Nine years after arriving there, British supermarket giant Tesco is to fold its unprofitable operation into a state-run company as a minority partner.
It is in now talks to team up with China Resources Enterprise.
Tesco would combine its 131 outlets with CRE’s Vanguard unit, which operates almost 3,000 stores across China and Hong Kong, taking just 20 percent of the venture.
It is the latest setback for the world’s third biggest retailer, which has pulled out of the United States after five years trying to crack the market. It has also quit Japan as it focuses on investing in its British home market.
Retail analysts said the decision was effectively a surrender by Tesco, showing the difficulty foreign companies have in negotiating with suppliers and regulators in a fast-growing but tricky market.
“This may look win-win, but in reality, Tesco is saying ‘We can’t figure out China’,” said one Hong Kong-based M&A banker.
“Tesco has been struggling in China and has been losing money. Similar to Carrefour, they had issues in their home market which they had to resolve,” he added.
Independent retail analyst Nick Bubb felt this was the best solution for Tesco: “Its partner brings formidable scale and local access, so it is hard to fault the logic of the move, even if it reads badly for the initial gung-ho expansion into China under previous management.”
China has proven to be conundrum for many foreign retailers. The world’s biggest and second biggest retailers, Wal-Mart and French retailer Carrefour are for now slugging it out alone, although there have been suggestions that Carrefour too could be seeking a local partner.
Copyright © 2014 euronewsMore about:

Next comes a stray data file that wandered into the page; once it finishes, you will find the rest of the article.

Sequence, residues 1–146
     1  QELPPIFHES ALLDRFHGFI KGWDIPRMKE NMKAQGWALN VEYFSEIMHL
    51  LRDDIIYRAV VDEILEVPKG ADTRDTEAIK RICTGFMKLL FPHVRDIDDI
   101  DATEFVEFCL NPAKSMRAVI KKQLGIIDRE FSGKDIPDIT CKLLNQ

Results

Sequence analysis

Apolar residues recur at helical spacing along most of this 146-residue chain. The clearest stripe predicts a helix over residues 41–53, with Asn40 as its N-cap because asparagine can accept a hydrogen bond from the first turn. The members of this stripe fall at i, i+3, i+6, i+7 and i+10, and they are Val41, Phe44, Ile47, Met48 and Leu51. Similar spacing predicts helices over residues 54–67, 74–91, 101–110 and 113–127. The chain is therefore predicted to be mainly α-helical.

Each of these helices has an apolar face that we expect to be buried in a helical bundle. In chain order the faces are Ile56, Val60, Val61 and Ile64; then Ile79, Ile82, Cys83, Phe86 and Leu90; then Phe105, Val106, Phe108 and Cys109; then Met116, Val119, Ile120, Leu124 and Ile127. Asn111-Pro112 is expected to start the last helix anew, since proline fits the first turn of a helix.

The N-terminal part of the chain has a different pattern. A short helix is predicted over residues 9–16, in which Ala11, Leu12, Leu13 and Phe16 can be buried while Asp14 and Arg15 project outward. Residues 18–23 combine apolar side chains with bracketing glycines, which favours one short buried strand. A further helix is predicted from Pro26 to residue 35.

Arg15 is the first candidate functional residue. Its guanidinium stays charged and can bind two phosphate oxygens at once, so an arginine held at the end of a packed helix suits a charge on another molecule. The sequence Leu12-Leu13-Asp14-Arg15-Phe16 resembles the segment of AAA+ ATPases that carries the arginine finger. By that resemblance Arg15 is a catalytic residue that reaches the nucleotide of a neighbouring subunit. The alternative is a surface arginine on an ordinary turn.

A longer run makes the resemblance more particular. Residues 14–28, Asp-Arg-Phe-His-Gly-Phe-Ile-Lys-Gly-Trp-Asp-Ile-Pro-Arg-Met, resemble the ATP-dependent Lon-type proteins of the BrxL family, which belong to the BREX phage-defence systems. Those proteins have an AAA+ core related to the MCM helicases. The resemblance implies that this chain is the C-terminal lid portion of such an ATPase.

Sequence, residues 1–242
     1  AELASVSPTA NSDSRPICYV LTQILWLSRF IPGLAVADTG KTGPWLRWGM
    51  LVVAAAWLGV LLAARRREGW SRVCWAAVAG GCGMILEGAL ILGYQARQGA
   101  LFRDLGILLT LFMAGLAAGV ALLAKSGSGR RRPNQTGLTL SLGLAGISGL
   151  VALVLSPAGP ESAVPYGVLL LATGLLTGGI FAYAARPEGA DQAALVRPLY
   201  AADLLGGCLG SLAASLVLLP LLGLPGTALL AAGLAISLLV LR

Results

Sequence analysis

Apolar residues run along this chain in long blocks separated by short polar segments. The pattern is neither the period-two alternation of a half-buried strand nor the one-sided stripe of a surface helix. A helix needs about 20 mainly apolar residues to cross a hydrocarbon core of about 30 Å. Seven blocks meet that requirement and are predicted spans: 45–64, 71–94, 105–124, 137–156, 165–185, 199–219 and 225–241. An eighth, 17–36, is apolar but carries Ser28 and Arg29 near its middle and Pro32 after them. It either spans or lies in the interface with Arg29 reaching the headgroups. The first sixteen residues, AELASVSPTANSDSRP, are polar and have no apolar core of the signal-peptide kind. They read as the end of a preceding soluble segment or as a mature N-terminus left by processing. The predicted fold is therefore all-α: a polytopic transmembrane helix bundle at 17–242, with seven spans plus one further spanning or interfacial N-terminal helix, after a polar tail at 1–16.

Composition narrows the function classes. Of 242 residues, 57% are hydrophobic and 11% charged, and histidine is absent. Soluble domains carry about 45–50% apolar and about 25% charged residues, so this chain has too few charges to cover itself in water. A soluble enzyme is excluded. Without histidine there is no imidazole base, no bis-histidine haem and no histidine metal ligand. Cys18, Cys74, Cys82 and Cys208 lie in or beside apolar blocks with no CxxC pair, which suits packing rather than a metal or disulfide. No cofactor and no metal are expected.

- 1Podemos: Spanish indignation in Brussels’ corridors of power | euronews, reporter
- 2Israel announces it will seize 400 acres in West Bank | euronews, world news
- 3Watch: Angry mob throw Ukraine MP into rubbish bin | euronews, world news
- 4Iraq: Baghdad rally held against US ‘occupiers’ | euronews, world news
- 5Japan sounds bluefin warning, calls for 50% catch cut | euronews, world news
- 6Now is ‘right time’ for Catalonia independence vote, says Mas | euronews, world news
- 7New car offers freedom for disabled drivers | euronews, hi-tech
- 83D printing: a driving force in design and engineering | euronews, hi-tech
- 9Rise of the machines | euronews, futuris
- 10Ukraine: Donetsk rebel weapons factory blows up | euronews, world news
- 11Young Yazidi girl escapes Islamic State kidnappers | euronews, world news
- 12Algeria: ISIL offshoot releases video threatening French hostage Hervé Gourdel | euronews, world news
- 13EU leaders name Donald Tusk European Council president | euronews, world news
- 14Official ‘executed by flame-thrower’ over links to Kim Jong-un’s purged uncle | euronews, world news
- 15Vatican rocked by another paedophilia scandal | euronews, world news
- 16#Indyref Live: Scotland votes on independence from UK | euronews, world news
- 17Thousands ‘evade’ Ebola lockdown in Sierra Leone | euronews, world news
- 18British Muslims’ message to ISIL: Not in my name! | euronews, world news
- 19Iceland puts on a show as two of its volcanoes spew out lava | euronews, world news
- 20The business benefits of EU chemical regulation | euronews, business planet
Wires > Business
- 13:25 CET China takes boldest step yet to lift housing market, economy
- 13:24 CET News Corp to buy real estate website operator Move for $950 million
- 13:23 CET UK economy picks up in second quarter, recovery pace revised higher
- 13:06 CET EU says Luxembourg tax agreement with Fiat may be state aid
- 12:52 CET News Corp to buy real estate website operator Move for $950 million
- 12:37 CET FTSE edges lower, Next weather warning hits retailers
- 12:34 CET Euro zone inflation slows in Sept, weakens euro vs. dollar
- 12:22 CET Exclusive: NY targets Commerzbank employees in sanctions accord -…